Contact: Public Health and Human Services
Division of Human Services
The 16th annual Columbia Values Diversity Awards were presented earlier today at the Columbia Values Diversity Celebration. The awards are given to an individual/family and an organization/group that have made significant contributions promoting appreciation for diversity and cultural understanding in Columbia.
Martin Luther King Jr. stated, "Our lives begin to end the day we become silent about things that matter." Anyone who knows Tyree Byndom can tell you he is not a silent man. He promotes justice, tolerance and social involvement by participating in a number of organizations that strive to enhance the lives of people in Columbia.
Byndom has revitalized the Douglass Park Neighborhood Association and moved his family back to the First Ward neighborhood so he can be active in assisting with issues such as violence and drug prevention. Byndom has collaborated with the National Society of Black Engineers to run an after-school tutoring program and has met with Columbia Public School administrators to think about creating ways to enhance the lives of children and young adults in the area. He is involved with the Minority Men's Network, PedNet's Unite for Healthy Neighborhoods, the Everyone Eats Program and Columbia's Stop the Violence campaign. Through his three weekly radio shows on KOPN, Byndom strives to give a voice to diverse topics and encourages a variety of people from different backgrounds to explore their ideas and beliefs and to discuss alternatives for solving problems.
Like Martin Luther King Jr., Byndom is a shining example of an individual who has dedicated his life to service. He has an extraordinary ability to bring people from diverse ethnic and socioeconomic backgrounds together to champion a cause and promote equality and justice. His capacity for tolerance and understanding, paired with his ability to communicate with diverse group of people, makes him a unifying force in our community.
The 2013 Columbia Values Diversity Award for Groups was presented to Job Point. Job Point was created 47 years ago by the Columbia Cosmopolitan Luncheon Club, which realized, when given the opportunity, all people have a contribution to make. The organization serves a diverse population and tirelessly advocates for adults with disabilities, youth who are at risk, veterans and other who have been disenfranchised. The organization seeks to improve diversity in the community through a number of programs like YouthBuild, which assists disadvantaged youth to increase their education levels, obtain training in the construction field and develop leadership abilities. Job Point's newest program, Civic Youth Corps, partners with the Harry S. Truman Veterans Hospital to improve veterans' homes while teaching youth vocational skills. Programs like these promote non-violence and provide a safe and positive environment for at-risk youth. The organization promotes equality through its highway and heavy construction training by placing priority on serving individuals who belong to an ethnic minority or an economically disadvantaged group. Job Point also builds wheelchair ramps for disabled individuals, conducts weatherization for home-bound seniors and assists Habitat for Humanity build homes for low-income individuals.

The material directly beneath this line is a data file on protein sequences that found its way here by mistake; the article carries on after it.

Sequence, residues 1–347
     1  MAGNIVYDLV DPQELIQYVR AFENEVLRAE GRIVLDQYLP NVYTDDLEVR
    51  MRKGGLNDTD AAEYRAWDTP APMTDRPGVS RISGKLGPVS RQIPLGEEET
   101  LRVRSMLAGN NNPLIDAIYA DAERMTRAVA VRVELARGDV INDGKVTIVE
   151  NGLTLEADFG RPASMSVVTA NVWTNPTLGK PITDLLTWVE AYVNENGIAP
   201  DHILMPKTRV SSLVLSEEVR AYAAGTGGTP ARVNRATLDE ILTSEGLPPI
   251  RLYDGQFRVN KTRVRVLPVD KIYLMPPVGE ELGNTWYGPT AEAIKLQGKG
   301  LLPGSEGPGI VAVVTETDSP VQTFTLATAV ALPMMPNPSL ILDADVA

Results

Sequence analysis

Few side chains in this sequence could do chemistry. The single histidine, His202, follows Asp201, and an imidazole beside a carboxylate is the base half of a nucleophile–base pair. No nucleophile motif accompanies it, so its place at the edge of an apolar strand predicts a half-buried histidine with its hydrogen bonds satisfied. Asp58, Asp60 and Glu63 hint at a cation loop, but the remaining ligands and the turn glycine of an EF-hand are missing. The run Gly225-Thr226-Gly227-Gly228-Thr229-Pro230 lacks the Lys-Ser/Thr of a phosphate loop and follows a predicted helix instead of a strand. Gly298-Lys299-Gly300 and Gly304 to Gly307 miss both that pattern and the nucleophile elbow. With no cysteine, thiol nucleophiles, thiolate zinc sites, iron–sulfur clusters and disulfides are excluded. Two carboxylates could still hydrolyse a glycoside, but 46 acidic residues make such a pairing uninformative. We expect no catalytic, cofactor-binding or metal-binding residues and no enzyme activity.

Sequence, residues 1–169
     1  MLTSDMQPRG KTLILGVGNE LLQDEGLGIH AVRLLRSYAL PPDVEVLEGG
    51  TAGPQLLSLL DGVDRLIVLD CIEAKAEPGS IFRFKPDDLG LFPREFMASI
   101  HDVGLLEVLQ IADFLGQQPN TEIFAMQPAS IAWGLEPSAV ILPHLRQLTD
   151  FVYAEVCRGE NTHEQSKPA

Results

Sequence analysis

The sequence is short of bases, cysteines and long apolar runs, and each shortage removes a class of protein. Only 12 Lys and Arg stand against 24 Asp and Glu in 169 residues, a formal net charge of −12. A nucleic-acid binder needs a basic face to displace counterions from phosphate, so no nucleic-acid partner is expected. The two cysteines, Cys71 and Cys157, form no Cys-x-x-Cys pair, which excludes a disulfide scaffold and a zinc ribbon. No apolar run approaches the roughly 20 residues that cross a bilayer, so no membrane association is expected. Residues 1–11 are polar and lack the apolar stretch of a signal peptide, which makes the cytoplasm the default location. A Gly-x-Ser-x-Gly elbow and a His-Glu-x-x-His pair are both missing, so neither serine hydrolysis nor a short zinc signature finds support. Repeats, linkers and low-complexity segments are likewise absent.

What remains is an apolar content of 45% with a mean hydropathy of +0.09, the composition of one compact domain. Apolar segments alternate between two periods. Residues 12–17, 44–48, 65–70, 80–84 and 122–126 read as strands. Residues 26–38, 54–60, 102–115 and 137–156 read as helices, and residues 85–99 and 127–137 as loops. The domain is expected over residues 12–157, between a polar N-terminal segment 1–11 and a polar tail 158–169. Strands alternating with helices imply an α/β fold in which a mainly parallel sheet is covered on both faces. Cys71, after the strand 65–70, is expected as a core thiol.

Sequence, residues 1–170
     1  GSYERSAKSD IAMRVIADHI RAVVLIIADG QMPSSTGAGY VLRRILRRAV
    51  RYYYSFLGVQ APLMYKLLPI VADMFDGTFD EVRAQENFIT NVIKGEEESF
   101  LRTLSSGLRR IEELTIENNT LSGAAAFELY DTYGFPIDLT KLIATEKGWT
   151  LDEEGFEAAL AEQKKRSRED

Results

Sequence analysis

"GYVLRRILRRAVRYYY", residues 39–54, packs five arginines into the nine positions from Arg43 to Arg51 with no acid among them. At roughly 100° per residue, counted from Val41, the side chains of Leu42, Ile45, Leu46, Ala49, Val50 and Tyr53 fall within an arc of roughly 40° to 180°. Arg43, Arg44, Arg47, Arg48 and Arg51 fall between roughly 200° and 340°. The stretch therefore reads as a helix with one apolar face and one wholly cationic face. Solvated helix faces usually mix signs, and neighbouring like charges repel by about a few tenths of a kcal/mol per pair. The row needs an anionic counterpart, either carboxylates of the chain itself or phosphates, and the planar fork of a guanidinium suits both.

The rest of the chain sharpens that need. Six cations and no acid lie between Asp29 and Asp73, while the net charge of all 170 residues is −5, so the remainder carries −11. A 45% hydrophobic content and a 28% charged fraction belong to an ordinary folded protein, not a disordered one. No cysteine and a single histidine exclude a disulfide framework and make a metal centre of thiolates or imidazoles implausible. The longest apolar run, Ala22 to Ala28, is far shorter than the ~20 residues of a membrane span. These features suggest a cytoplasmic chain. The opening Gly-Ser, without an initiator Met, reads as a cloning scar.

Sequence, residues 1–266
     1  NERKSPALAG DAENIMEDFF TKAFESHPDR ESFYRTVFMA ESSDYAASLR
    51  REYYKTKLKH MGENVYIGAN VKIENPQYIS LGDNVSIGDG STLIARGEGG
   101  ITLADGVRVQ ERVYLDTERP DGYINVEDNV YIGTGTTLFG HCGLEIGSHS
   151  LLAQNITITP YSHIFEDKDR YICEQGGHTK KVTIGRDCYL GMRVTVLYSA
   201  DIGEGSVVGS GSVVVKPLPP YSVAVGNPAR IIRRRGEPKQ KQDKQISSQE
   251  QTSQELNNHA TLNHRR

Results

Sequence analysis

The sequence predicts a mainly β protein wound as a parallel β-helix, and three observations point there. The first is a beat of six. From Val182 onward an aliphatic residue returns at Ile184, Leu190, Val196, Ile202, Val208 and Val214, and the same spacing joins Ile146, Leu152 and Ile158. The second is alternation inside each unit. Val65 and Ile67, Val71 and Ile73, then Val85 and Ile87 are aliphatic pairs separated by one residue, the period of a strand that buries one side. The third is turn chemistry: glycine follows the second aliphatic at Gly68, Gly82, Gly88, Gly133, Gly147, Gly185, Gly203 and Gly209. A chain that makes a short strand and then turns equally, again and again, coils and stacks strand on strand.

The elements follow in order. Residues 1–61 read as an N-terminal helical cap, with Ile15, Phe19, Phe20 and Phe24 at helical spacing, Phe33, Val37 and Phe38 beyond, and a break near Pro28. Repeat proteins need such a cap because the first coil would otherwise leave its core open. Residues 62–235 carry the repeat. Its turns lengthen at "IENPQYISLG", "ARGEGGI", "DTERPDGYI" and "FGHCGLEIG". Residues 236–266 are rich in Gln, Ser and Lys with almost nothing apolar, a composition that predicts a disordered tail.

Job Point's programs center around helping individuals create better lives for themselves and their families. These programs coupled with the organization's strong commitment to social justice, exemplify the life of Dr. Martin Luther King Jr.